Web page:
With technology, comes great power. Genetic analysis has opened many new frontiers for us in health and medicine, but interestingly, they are also confirming over 2000 years of traditional medicine.
A unique mushroom, Grifola frondosa, also known as Maitake mushroom (舞茸), has been used for over 2000 years in China and Japan. It is also called "Hen of the Woods" as well as "Dancing Mushroom" in Japan as finding it equaled its weight in silver at the time. This is also one of our key extracts in our Infinimin® Immunity Multivitamin.
It is already known that the Maitake (D-Fraction) mushroom is involved in stimulating the immune system and activating certain cells that attack cancer, including macrophages, T-cells, and natural killer cells. According to the U.S. National Cancer Institute, polysaccharide complexes present in Maitake mushrooms appear to have significant anticancer activity.
However, the exact molecular mechanism of the Maitake antitumoral effect is still unclear. It has been shown that Maitake (D-Fraction) induces apoptosis (cell death) in breast cancer cells by activation of BCL2-antagonist/killer 1 (BAK1) gene expression. At the present work, we are identifying which genes are responsible for the suppression of the tumoral phenotype mechanism induced by Maitake (D-Fraction) in breast cancer cells.
Human breast cancer MCF-7 cells were treated with and without increased concentrations of Maitake D-Fraction (36, 91, 183, 367 μg/mL) for 24 h. Total RNA were isolated and cDNA microarrays were hybridized containing 25,000 human genes. Employing the cDNA microarray analysis, we found that Maitake D-Fraction modified the expression of 4068 genes (2420 were upmodulated and 1648 were downmodulated) in MCF-7 breast cancer cells in a dose-dependent manner during 24 h of treatment.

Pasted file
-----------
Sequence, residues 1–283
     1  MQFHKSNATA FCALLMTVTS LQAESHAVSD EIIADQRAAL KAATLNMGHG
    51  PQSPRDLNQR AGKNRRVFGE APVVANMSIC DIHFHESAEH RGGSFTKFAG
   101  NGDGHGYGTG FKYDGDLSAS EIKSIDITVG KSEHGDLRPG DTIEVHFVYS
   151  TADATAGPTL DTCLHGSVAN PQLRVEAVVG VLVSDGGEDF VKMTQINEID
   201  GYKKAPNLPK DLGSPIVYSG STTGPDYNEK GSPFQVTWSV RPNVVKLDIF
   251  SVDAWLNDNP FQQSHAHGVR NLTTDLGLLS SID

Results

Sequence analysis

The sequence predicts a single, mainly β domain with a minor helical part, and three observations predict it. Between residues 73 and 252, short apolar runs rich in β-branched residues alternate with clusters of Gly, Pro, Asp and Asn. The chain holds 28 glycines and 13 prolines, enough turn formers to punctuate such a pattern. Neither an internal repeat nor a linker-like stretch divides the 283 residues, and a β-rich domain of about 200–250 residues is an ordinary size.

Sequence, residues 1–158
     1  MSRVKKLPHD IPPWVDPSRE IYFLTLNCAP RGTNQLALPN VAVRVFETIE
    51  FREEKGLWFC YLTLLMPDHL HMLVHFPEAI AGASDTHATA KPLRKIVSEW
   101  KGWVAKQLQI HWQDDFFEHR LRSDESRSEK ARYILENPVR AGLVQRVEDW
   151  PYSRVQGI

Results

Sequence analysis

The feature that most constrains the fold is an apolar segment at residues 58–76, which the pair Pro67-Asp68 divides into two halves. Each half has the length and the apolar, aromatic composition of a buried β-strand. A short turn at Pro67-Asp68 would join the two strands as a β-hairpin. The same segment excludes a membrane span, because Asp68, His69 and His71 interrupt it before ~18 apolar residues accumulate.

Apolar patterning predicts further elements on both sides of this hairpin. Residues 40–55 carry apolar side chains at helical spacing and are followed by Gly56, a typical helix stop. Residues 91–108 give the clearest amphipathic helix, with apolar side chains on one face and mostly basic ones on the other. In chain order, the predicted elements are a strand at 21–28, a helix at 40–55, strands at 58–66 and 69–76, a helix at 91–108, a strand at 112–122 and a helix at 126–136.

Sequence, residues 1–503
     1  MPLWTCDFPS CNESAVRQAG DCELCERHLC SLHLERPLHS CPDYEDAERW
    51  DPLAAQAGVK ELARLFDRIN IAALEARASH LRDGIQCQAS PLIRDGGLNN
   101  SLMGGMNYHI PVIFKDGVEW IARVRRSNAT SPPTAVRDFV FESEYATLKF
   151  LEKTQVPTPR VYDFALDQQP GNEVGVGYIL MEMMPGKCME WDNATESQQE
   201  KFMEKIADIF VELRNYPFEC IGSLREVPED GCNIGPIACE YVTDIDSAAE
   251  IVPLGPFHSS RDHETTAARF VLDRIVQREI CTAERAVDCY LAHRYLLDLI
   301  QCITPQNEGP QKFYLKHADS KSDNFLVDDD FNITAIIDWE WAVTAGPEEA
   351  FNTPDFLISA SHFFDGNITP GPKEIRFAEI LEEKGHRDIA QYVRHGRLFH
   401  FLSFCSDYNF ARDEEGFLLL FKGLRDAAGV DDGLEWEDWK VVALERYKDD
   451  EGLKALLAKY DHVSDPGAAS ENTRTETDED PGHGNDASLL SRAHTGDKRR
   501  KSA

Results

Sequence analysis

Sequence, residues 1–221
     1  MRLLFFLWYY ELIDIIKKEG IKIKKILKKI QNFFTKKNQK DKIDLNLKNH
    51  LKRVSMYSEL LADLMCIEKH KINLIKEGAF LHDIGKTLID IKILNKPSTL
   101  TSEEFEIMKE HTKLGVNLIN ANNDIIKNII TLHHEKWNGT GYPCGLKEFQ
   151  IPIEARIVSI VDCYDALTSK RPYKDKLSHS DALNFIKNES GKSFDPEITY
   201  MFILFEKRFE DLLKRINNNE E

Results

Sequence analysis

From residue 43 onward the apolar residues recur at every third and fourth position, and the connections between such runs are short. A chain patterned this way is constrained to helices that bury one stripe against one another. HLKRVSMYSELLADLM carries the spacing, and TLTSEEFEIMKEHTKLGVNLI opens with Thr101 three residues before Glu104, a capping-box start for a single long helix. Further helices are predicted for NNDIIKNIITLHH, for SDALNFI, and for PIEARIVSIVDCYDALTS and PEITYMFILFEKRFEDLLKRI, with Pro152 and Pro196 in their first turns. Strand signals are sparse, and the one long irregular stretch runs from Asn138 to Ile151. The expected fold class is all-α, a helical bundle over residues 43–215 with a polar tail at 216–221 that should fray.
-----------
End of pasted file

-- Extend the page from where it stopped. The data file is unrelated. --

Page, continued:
The present data shows that Maitake D-Fraction suppresses the breast tumoral phenotype through a putative molecular mechanism modifying the expression of certain genes (such as IGFBP-7, ITGA2, ICAM3, SOD2, CAV-1, Cul-3, NRF2, Cycline E,ST7, and SPARC) that are involved in apoptosis stimulation, inhibition of cell growth and proliferation, cell cycle arrest, blocking migration and metastasis of tumoral cells, and inducing multidrug sensitivity. Altogether, these results suggest that Maitake D-Fraction could be a potential new target for breast cancer chemoprevention and treatment.
1. Alonso, Eliana Noelia et al. “Genes Related to Suppression of Malignant Phenotype Induced by Maitake D-Fraction in Breast Cancer Cells.” Journal of Medicinal Food 16.7 (2013): 602–617. PMC. Web. 23 Oct. 2015.
2. Deng G., Lim H., Seidman A., Fornier M., D'Andrea G., Wesa K., Yeung, S., Cunningham-Rundles, S., Vickers, AJ, Cassileth, B. 2009. "A phase I/II trial of a polysaccharide extract from Grifola frondosa (Maitake mushroom) in breast cancer patients: immunological effects. J Cancer Res Clin Oncol 135:1215-1221.
3. Patel, S., Goyal, A. 2012. "Recent developments in mushrooms as anti-cancer therapeutics: a review." 3 Biotech (2012) 2:1-15. DOI 10.1007/s13205-011-0036-2. Preuss, H., Echard, B., Bagchi, D., Perricone, N.V., Zhuang, C. 2007. "Enhanced insulin-hypoglycemic activity in rats consuming a specific glycoprotein extracted from maitake mushroom." Mol Cell Biochem (2007) 306:105-113. DOI 10.1007/s11010-007-9559-6.